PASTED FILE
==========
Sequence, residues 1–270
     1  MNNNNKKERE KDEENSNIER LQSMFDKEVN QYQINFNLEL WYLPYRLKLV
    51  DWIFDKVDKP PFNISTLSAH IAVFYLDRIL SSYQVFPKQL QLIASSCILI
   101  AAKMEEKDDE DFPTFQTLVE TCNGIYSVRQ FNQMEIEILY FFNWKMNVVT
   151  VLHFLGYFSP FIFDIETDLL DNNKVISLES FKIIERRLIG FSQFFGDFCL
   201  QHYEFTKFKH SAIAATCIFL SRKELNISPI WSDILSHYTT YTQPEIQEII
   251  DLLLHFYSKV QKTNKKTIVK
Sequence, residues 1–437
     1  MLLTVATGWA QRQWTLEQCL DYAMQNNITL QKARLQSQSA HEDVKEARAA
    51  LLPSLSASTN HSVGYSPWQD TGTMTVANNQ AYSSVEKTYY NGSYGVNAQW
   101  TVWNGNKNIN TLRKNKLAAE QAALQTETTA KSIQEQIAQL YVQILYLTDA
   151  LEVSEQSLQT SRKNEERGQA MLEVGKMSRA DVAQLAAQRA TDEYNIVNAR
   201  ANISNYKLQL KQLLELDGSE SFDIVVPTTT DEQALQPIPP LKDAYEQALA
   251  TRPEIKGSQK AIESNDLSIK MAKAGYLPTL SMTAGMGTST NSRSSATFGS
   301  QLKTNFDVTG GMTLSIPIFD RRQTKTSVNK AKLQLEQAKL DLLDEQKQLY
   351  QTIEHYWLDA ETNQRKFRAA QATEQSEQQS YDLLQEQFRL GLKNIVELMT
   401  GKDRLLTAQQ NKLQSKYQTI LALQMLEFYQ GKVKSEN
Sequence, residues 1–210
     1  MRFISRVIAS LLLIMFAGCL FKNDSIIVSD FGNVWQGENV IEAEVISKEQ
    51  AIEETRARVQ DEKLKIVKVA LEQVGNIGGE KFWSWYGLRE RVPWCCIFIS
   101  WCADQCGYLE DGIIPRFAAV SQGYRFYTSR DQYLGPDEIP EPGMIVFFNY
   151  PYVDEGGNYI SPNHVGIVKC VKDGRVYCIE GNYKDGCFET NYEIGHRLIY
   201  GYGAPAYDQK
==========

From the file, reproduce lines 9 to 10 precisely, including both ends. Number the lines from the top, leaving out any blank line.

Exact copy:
     1  MLLTVATGWA QRQWTLEQCL DYAMQNNITL QKARLQSQSA HEDVKEARAA
    51  LLPSLSASTN HSVGYSPWQD TGTMTVANNQ AYSSVEKTYY NGSYGVNAQW